My little About blurb on my sidebar is a lie. It says I am both a cat owner and a dog owner, and as of July 26th, 2015, I am not.
I grew up a dog person. We had a Dalmatian, a Christmas morning surprise one year for my sister and me, and I adored that dog. She was smart and beautiful, had an arresting bark, and an adorable way of turning her head when you asked her a question. As an adult, I had long longed for a dog of my own, was just waiting to get settled into a house and a marriage before taking on that responsibility.
I became a cat person. After the Peace Corps, I moved in with my sister, and her cat, Tigger, became a part of my life. She was a big cat, a blood donor at the vet hospital, who came to my sister already saddled with her silly name. My sister believed her to be part Maine Coone. She was medium-haired and haughty. She had this swagger to her walk, wearing what my sister called her fuzzy pants because of her long fur. She was gorgeous, and had such a personality, I was smitten. I had thought cats were flat, standoffish, boring. She was standoffish at times, but never flat nor boring. No, Tigger was a fine ambassador for felines.
And when my sister’s boyfriend, and his two cats, Binky and Roxy, moved in with us, I learned that cats have personalities as distinct as dogs’. Another misconception I had about cats was that they were all the same, but with three in our apartment, I learned that was not the case at all.
Fast forward to my sister, her cat, her boyfriend now fiance, and his cats all getting their own place, and me on my own. Then Bennet (so named after the protagonist of Jane Austen’s Pride and Prejudice, Elizabeth Bennet) came into my life. He was found abandoned on the street near my sister’s house not long after my nephew was born. My sister’s two cats (Tigger had since passed away) were not willing to accommodate another addition to the household, and so I took this kitten in, and he changed my life.
As I told him when we said goodbye at the hospital, “I didn’t know how lonely I was until you came along.” And that was true. My life was so enriched by sharing it with Bennet. I spent long days at school, teaching and coaching, and I was so lucky to come home to my whiny kitty. Bennet was a talker. He was part Siamese, part American Short-hair, a breed called Snowshoe, and he had the Siamese sassiness, oh yes.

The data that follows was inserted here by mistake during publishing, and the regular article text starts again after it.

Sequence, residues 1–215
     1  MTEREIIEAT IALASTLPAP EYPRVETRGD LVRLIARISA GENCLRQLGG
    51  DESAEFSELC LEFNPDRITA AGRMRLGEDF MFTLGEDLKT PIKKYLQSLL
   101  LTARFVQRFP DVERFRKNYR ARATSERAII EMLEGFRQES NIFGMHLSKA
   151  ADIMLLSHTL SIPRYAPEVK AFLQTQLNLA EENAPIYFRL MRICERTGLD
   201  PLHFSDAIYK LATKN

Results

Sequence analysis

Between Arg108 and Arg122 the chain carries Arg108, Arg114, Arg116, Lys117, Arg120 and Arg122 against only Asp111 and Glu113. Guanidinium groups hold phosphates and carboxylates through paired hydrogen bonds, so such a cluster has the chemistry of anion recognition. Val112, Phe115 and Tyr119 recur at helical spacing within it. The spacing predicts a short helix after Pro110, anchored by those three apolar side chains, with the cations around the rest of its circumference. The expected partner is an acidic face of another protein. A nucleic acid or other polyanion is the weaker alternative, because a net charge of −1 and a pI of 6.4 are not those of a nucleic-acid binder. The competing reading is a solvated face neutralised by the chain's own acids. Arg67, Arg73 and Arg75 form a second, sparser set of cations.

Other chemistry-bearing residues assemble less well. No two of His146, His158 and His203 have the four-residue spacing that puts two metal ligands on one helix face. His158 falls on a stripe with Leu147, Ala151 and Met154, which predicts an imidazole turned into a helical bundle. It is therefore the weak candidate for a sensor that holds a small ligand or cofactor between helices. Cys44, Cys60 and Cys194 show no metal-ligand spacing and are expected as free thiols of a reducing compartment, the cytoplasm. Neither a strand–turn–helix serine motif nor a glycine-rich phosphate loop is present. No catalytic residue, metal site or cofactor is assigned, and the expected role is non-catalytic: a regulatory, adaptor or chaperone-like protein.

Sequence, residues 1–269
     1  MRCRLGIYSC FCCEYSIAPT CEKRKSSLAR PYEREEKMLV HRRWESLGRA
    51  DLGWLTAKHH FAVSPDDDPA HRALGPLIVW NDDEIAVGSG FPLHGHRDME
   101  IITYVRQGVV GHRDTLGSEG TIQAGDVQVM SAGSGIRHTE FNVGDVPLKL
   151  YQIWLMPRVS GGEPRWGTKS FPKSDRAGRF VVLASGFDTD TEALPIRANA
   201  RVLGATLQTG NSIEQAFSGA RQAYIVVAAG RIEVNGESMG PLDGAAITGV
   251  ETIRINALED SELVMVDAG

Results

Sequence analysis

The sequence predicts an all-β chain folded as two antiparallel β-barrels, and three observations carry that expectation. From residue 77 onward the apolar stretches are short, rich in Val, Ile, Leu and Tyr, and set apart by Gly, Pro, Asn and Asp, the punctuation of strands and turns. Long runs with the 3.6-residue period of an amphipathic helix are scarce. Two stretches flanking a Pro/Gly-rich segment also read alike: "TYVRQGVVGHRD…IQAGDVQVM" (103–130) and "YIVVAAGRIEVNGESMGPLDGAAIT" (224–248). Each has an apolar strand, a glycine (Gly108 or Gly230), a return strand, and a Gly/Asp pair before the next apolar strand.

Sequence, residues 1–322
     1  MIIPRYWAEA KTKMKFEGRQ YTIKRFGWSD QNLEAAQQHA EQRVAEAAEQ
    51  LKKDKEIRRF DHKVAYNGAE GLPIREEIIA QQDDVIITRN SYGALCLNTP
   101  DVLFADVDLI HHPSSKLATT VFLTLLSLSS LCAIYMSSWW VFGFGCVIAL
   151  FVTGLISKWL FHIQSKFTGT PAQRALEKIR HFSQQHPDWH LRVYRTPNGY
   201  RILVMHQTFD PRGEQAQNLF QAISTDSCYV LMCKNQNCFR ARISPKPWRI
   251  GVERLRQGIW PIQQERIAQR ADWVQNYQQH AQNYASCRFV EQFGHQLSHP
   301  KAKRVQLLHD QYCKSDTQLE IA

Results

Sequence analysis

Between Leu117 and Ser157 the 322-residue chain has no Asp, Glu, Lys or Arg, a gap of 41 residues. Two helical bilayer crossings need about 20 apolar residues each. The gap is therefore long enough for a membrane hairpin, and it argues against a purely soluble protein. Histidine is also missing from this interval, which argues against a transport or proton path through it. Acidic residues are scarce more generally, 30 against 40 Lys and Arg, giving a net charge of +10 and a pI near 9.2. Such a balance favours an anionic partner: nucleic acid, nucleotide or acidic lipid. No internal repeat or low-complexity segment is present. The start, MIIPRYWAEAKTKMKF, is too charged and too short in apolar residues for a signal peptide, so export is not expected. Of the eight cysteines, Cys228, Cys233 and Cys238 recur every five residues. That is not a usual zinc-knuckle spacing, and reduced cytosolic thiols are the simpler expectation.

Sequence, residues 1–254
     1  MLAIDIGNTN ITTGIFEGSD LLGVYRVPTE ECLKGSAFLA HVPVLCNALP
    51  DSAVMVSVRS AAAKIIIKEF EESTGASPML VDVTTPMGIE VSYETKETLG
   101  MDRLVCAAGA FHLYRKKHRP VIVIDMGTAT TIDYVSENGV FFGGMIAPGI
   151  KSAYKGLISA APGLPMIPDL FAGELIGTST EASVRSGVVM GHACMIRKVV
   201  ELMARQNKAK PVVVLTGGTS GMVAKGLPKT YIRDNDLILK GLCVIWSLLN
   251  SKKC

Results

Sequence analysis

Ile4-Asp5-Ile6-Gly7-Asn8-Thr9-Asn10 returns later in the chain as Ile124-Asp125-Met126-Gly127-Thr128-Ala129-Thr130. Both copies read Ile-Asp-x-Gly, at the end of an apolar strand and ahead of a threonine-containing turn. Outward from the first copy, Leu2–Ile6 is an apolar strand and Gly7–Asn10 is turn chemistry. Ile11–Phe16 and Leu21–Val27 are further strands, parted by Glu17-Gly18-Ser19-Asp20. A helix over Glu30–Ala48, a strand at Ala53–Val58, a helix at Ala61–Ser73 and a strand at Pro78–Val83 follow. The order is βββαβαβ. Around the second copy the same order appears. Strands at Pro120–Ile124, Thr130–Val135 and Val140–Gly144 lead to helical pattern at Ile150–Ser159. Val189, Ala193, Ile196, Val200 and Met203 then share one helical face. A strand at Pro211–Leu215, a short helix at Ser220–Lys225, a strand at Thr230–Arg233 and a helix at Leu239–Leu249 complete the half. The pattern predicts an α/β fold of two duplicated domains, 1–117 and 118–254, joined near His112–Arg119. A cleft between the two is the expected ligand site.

Bennet was a good judge of character. My mom says she knew how right Jim and I were for each other because of the ease with which Jim got along with Bennet, and perhaps more importantly, the ease with which Bennet got along with Jim. Before we married, I joked with Jim about having him sign a pre-nup that said he didn’t get the cat if we broke up.
Our neighbors called Bennet “Handsome Cat.” I attribute this to his clear blue eyes, the white lightning streak across his forehead, and the distinctive soul patch of darker fur on his chin. He was a very handsome cat, and very fastidious, too. He was always grooming and, aside from his bad kitty breath, he always smelled clean. He was also a very talented acrobat, turning somersaults in pursuit of a mouse on a string, jumping to the tops of the refrigerator or kitchen cabinets, and dashing down the hall in his pursuit of kitty treats.
Bennet’s death came unexpectedly. He was only eight years old. After a day of listlessness, we noticed swelling in his face. We thought perhaps he was having an allergic reaction to a bug bite or something. We took him into the emergency vet hospital and learned he was feverish. The doctor believed him to have an abscess, so they kept him overnight. They found it, full of bacteria, and gave him antibiotics, anticipating a return home the next day if he responded well to the treatment. Instead we received a phone call at two in the morning that he’d gone into respiratory arrest. We arrived at the hospital to say goodbye before asking the technicians to let him go.
So, now, I am no longer both a dog and a cat owner. Bennet is gone and there’s a hole in my heart that he once filled.